Saudi Arabia is trying to stop the Vatican from getting new web addresses ending in .catholic. The Kingdom claims that the Pope “cannot demonstrate that it possesses a monopoly over the term ‘Catholic’”.
Saudi Communication and Information Technology Commission said in its complaint many other Christians use the term 'Catholic' to refer more broadly to the whole Christian Church, regardless of denominational affiliation. “Other Christian communions lay claim to the term "Catholic" such as the Eastern Orthodox Church and the Oriental Orthodox Church.”
"Therefore, we respectfully request that ICANN not award this," the statement pointed out
But the Saudi Arabians were not stopping there. They sent 160 objections to ICANN's plans to allow hundreds of new “top-level domains” to supplement .com, .co.uk and other existing suffixes.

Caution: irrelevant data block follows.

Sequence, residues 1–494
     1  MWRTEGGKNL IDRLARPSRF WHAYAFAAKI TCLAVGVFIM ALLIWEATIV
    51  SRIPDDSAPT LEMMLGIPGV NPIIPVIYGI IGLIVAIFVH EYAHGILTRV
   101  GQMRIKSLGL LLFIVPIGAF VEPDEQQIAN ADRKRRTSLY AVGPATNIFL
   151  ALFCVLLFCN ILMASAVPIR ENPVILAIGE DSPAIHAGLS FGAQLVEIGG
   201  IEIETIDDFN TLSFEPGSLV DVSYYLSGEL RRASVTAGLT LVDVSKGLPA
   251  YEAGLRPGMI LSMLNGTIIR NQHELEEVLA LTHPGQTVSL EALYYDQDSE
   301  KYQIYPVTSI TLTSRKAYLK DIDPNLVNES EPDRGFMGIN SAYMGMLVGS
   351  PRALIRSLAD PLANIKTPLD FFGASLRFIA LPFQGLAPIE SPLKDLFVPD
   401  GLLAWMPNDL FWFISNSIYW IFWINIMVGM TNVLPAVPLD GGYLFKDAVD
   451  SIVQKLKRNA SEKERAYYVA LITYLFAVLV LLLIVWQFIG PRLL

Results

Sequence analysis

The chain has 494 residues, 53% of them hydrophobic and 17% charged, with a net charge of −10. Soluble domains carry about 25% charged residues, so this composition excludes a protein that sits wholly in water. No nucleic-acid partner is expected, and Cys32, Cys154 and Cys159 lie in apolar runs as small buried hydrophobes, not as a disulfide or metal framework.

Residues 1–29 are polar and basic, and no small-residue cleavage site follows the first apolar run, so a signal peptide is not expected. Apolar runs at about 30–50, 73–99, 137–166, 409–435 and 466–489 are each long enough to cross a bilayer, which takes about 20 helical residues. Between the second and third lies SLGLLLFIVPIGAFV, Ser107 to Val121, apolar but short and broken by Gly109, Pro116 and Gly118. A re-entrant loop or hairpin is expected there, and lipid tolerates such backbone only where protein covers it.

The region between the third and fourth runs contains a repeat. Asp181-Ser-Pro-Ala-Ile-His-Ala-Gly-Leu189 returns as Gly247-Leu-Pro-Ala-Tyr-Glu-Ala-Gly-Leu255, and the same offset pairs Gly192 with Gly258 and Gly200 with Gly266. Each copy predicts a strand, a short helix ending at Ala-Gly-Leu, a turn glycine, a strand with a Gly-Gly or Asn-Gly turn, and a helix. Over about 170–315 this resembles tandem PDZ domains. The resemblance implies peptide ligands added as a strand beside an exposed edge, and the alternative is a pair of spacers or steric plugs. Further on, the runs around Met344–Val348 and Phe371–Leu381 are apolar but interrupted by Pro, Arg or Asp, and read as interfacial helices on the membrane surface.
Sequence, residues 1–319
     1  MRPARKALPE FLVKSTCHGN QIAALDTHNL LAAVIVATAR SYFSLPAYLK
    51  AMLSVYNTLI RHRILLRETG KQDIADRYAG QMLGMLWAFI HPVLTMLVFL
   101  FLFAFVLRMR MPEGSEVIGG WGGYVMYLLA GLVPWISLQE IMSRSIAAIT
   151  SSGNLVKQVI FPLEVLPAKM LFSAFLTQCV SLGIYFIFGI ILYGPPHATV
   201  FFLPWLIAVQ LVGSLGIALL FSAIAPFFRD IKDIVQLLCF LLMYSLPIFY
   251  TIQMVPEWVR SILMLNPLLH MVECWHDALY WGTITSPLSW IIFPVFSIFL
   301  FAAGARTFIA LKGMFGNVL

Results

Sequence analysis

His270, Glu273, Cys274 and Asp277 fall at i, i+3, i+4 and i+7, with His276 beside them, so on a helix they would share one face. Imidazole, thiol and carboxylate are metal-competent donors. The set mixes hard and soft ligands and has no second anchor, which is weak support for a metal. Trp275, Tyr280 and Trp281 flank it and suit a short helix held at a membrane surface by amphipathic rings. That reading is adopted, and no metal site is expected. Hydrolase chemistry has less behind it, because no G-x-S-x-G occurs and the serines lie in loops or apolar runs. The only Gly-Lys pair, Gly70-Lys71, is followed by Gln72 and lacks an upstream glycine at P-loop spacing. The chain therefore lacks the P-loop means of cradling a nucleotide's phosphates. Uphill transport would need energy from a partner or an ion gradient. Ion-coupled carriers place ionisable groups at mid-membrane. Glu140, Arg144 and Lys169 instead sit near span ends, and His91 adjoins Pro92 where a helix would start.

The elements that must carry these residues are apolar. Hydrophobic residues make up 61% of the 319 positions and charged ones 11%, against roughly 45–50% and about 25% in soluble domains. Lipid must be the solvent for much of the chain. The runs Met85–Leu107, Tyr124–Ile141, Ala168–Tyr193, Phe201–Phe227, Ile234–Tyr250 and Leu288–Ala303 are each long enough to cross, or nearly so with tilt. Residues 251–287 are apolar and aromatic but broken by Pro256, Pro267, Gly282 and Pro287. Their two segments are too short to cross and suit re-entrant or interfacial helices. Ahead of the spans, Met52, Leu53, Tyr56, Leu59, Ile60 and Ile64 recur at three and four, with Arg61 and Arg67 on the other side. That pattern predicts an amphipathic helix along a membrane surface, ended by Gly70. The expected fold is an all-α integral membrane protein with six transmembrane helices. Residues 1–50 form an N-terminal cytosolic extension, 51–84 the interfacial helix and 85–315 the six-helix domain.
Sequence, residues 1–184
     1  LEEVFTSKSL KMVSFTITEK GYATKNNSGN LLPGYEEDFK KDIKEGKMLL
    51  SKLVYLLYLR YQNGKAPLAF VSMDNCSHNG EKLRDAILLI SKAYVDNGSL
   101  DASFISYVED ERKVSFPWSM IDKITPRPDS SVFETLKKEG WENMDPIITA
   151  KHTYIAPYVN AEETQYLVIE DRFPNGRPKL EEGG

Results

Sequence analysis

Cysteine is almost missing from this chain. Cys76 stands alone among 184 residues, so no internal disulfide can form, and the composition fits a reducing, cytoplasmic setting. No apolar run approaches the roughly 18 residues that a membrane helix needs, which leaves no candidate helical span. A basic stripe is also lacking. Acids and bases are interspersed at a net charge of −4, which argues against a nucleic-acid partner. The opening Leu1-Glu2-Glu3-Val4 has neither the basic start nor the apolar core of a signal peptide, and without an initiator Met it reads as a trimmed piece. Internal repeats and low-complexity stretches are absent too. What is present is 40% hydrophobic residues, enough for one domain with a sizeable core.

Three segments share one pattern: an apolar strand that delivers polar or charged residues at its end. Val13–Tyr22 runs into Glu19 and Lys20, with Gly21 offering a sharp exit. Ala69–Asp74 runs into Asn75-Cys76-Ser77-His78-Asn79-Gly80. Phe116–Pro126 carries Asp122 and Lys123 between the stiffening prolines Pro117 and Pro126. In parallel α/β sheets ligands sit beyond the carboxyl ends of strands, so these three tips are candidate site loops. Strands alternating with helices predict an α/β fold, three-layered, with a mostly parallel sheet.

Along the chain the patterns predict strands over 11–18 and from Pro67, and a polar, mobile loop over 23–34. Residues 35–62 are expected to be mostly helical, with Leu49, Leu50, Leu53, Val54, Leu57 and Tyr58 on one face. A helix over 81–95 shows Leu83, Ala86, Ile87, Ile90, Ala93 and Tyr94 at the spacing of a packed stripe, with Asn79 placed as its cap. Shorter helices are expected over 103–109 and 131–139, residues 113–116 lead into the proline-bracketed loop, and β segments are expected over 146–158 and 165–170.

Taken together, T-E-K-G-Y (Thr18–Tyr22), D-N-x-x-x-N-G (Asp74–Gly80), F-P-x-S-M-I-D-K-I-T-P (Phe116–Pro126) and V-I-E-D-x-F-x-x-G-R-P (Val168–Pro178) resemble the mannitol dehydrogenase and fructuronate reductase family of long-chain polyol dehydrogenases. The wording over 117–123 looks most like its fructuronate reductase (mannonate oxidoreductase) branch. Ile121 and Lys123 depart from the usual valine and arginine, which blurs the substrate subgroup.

The Saudi government said that it objected to any group being put in charge of web addresses based on religious terms. It complained about bids to create top-level domains for .islam, .halal and .ummah on similar grounds.
While that all sounds fair enough, the Saudis also objected to .gay because it “will be offensive” to societies where homosexuality is “contrary to their culture, morality or religion”. They did not like .tattoo as tattooing is prohibited in Islam and Judaism and to .bar on grounds that because of its association with alcohol the term “promotes activities that can be detrimental to public order and morals”. Sir Richard Branson will have to fight objections from the Gulf if he wants to create .virgin, too.